December 4, 2018
ASHEVILLE – State Attorney General Josh Stein said Tuesday he wants to see changes in the proposed sale of Mission Health to HCA Healthcare to ensure the interests of Western North Carolina residents are protected.
In a telephone interview, Stein outlined three basic concerns with the proposed transaction as it is currently structured:
Josh Stein's 3 main concerns
- Are the provisions to ensure continuation of specific health care services at Mission Hospital and the five rural hospitals in the system strong enough?
- Is the roughly $1.5 billion HCA proposes to pay enough?
- Will the board of the foundation to get money from a sale be diverse and truly representative of WNC?
"Health care access is the definition of life and death," Stein said. "So many people's futures are at stake. We want to do everything in our power to make sure that the people of Western North Carolina get the quality of health care that they deserve."
After months of negotiations, Mission and HCA signed a sale agreement in August and sent it and other documents to the state Justice Department that Stein heads in early September.
State law says the attorney general can sue to block transactions in which a nonprofit entity is being sold to a for-profit company, as is the case in the Mission-HCA deal.
Nashville-based HCA owns 178 hospitals and 119 surgery centers in the United States and United Kingdom and employs than 240,000 people.
Stein's office gets up to 60 days to file a lawsuit once it has gathered all the information it needs to review a proposed transaction. Stein said Tuesday his department is still asking questions and he declined to predict when that process might end.
The sale agreement lists specific health care services HCA would have to continue at Mission Hospital and CarePartners, its home health and rehabilitative care arm, for at least 10 years.
The lists for Mission hospitals in Brevard, Franklin, Highlands, Marion and Spruce Pine are shorter and services there other than emergency rooms would be protected for only five years.
Rural hospitals are seeing economic pressures nationwide and several have closed in recent years.
"I want to clarify and strengthen HCA's commitment in terms of its delivery of medical services and ... keeping the rural hospitals open," Stein said.
Is the purchase price fair?
The board of Dogwood Health Trust, a foundation that will get the proceeds of the sale, would have legal authority to enforce its terms.
Stein said Tuesday that responsibility should primarily rest with Dogwood but his office should also have a role in ensuring the agreement is carried out to the benefit of WNC.
"I think it would be helpful to have some independent, knowledgeable third party who plays a role," he said.
All but one of Dogwood's current nine board members have served on Mission governing boards. That has raised concerns among critics that Dogwood might not stand up to HCA if the company wants to shut down services or make other changes.
Mission submitted an outside consultant's report that appeared to support the proposed $1.5 billion sale price. Stein said his office has also hired an expert to consider whether that figure is appropriate.
"The people of Western North Carolina have been investing in these hospitals for decades and they should benefit from all the value that has been accrued over time," he said. "I want to make sure that the sale price is full and fair."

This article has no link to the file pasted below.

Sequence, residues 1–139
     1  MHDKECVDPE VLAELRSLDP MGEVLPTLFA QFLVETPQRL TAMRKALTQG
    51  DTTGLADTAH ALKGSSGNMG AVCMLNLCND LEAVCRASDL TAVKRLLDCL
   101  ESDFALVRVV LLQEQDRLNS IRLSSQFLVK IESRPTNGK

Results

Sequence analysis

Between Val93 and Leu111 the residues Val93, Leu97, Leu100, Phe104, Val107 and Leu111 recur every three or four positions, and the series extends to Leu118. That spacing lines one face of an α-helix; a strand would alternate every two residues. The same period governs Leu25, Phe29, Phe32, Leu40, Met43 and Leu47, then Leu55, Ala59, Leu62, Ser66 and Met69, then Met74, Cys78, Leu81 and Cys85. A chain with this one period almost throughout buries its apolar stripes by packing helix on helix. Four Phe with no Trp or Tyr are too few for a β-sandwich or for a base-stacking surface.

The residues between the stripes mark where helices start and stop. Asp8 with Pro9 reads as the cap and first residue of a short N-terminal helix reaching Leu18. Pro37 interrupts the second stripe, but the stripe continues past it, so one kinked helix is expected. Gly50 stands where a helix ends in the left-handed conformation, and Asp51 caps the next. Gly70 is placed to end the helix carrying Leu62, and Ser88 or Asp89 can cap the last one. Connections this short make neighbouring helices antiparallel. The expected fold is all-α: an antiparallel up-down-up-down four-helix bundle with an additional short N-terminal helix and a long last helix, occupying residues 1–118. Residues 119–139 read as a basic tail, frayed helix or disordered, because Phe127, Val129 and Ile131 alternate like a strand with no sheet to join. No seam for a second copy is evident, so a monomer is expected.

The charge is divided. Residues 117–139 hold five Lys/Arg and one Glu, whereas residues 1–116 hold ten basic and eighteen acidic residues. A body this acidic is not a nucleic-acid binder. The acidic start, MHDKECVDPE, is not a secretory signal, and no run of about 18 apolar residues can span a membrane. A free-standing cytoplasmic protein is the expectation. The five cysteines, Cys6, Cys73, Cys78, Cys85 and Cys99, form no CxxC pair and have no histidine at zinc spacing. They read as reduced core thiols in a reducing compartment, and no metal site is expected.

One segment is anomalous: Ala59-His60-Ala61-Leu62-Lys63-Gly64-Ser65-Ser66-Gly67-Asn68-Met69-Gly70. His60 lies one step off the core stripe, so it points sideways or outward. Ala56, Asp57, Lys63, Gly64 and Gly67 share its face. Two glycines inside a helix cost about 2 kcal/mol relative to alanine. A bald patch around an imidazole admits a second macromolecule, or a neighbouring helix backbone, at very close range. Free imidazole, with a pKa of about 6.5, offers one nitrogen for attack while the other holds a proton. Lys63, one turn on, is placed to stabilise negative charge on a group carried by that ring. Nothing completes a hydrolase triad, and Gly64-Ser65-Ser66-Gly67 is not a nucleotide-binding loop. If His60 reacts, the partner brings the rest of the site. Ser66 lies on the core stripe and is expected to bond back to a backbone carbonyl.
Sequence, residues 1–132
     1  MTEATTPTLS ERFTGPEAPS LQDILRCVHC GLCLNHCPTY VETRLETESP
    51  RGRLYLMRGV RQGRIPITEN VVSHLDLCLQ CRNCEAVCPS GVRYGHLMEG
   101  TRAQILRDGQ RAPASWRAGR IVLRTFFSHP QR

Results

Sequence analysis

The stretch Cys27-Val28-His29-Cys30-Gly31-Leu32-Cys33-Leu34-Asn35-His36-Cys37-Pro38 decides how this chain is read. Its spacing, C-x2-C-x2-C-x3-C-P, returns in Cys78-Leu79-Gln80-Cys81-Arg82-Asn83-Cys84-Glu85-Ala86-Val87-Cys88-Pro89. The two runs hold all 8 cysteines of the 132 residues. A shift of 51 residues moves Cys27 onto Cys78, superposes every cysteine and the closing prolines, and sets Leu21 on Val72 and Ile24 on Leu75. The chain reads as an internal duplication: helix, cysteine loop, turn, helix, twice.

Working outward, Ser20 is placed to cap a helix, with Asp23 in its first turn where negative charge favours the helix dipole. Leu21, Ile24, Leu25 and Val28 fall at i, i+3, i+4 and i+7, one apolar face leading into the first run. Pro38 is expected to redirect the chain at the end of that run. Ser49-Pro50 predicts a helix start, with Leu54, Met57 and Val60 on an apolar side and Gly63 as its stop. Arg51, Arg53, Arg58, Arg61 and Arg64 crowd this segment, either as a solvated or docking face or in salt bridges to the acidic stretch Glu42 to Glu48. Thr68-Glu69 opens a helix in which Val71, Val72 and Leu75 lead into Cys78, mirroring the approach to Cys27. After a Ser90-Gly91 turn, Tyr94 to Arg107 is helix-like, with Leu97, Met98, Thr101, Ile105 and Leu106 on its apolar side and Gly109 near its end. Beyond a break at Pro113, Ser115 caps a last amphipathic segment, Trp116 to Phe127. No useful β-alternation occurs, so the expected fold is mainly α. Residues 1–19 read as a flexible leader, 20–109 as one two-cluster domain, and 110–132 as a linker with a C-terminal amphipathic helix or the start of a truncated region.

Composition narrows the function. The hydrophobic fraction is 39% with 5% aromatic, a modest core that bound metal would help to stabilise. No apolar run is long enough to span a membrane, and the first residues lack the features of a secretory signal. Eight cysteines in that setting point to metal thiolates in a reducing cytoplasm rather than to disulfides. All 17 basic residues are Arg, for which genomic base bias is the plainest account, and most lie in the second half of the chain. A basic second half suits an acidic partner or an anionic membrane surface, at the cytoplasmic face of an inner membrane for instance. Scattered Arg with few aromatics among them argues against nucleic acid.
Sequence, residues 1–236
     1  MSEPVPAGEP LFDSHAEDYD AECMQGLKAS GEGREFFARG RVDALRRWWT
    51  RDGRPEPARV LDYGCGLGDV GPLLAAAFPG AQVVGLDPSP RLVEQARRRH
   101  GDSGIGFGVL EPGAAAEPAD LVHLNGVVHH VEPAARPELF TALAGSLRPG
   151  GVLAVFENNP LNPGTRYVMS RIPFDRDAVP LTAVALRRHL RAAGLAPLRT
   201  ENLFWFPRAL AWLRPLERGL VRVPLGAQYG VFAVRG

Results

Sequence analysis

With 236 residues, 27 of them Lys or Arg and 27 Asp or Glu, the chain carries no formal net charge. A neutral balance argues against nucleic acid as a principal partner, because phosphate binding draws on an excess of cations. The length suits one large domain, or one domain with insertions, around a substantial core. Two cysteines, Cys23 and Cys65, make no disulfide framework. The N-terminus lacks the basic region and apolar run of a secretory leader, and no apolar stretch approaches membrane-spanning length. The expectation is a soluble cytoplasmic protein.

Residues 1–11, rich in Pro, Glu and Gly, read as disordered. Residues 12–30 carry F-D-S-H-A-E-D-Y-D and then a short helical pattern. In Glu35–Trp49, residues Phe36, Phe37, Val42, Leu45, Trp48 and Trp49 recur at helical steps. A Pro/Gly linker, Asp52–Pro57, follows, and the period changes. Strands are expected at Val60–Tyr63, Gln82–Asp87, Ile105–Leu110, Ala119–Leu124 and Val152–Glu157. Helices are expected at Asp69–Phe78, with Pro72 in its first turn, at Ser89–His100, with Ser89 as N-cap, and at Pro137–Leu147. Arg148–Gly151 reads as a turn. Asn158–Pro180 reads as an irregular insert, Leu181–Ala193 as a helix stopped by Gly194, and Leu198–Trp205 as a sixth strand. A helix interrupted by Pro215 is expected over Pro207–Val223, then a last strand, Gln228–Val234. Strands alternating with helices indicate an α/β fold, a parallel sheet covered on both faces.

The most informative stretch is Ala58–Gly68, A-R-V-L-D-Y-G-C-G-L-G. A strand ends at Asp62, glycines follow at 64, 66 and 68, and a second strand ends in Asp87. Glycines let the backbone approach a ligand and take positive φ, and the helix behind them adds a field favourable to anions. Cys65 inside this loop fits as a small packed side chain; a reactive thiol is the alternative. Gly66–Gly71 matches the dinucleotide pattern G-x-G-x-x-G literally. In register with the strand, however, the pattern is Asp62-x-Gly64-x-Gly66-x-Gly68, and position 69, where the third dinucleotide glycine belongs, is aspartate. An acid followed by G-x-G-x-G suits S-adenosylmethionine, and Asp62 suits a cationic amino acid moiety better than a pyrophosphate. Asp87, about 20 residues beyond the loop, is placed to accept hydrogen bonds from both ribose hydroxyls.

Who distributes the money?
Dogwood proposes to make annual grants that could total $50 million or more to improve societal conditions that have an impact on health in the region. So far, six of Dogwood's nine board members live in Buncombe County, which makes up less than 30 percent of the population of the counties Dogwood is to serve. One board member is from a minority community and two are women.
All counties served by Mission should have a say in Dogwood Health priorities, Stein said.
Stein said he is optimistic he can persuade Mission and HCA to make changes and that the deal will thus ultimately go through, but added he "cannot prejudge the outcome."
He declined to say whether he expects to give the deal his approval before the end of the year.
The timing could have financial implications for local governments. Mission's assets are generally not taxed because they are owned by a nonprofit, but as a for-profit company, HCA will have to pay property and other taxes.
If the deal happens by the end of the year, that would bring in millions in additional tax revenue to local governments in 2019. If not, they might have to wait until 2020.
Stein said the deal is "truly momentous" and too important for his office not to look at it carefully. The review is "an extremely high priority issue for me and my office," he said.
The sale is probably the largest sale of a nonprofit in the state's history, he said. "It is exceptionally complicated" and documents involved run into the thousands of pages.
HCA spokesman Ed Fishbough said company officials have had "productive discussions with Attorney General Stein’s office and our conversations are ongoing."
Rowena Buffett Timms, senior vice president for government and community relations said Mission officials "continue to work with the attorney general to respond to all of his questions and concerns. We are confident that the purchase price is appropriate, and we are equally committed to protecting services and ensuring diversity on the Dogwood Health Trust board."